Even though school openings might be delayed, it does look like it will eventually happen. Back to school is an eventful time for a family, with excitement, shopping, changes in schedule, and possibly even trips if a teen is now college bound.

With everything going on, the family dog is often overlooked. Just when your dog was enjoying having the family all home during the pandemic, the daily routine now gets changed again. Since dogs are creatures of habit and routine, this can be upsetting.

Dogs don’t really get it – nor do they remember the same thing happened last year. For newly acquired puppies it is even more confusing when their playmates disappear each day.

Many puppy and dog owners can expect a period of acting out. This might include wanting more attention and just being annoying in general. The dogs might start getting into things that they shouldn’t.

“My dog ate my homework” could be an actual occurrence. Paper, pillows, shoes, children’s toys and more might get chewed up or disappear.

There might also be a big change in potty habits. It is a dog’s way of showing you they are stressed with the changes.

Get the dog ready for these changes. Leave the house more often on a regular basis. Tire them out before you leave for the day. Have a specific routine for when the kids come home from school each day.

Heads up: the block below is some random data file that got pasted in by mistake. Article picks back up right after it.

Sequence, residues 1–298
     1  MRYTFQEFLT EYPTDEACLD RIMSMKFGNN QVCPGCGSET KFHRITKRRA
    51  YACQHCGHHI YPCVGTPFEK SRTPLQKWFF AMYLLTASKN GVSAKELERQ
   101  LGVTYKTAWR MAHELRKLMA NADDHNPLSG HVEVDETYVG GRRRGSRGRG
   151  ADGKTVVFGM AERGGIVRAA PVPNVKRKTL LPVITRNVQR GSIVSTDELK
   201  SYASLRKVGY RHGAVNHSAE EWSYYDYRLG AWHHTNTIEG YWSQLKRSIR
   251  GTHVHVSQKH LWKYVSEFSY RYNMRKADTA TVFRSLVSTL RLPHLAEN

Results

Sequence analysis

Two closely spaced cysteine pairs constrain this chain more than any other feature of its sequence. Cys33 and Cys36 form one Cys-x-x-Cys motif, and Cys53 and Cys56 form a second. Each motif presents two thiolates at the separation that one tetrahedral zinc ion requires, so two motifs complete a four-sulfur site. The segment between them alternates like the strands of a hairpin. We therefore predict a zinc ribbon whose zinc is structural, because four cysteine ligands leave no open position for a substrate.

Get up even earlier and take your dogs for a long walk, then play with them before you leave. At least they will be tired when you leave and then be less destructive.

If your dog is destructive, then crate or baby gate them in a small room when you leave. With both puppies and adult dogs, make sure to leave something engaging to chew on so they don’t  think about the family being gone.

When family gets home from the day ask them to be low-key around the dogs. Too much excitement increases their feelings of loss when you are gone.

Put your stuff down before you say hello to your dogs, and when you greet them, do it calmly outside so there is no excitement inside. Take them out or on a walk, then play with them to release some pent-up energy.

If necessary, go back to your daily training routine with them. That gives them one-on-one attention and reinforces your role. Try to resume the same evening routine you would have at any other time.

If you have family sports or other events in the evening, find out if your well-behaved dog can attend with you. Trying to be inclusive when the new school year begins can really help.

Just remember not to exclude your dogs from your busy lives, but find ways to include them in family activities. Walks, ball games, beach, yard play and more will make them feel the loss of time away from you less deeply.

Abby Bird is owner of Alphadog Training Academy. AlphadogTrainingAcademy@gmail.com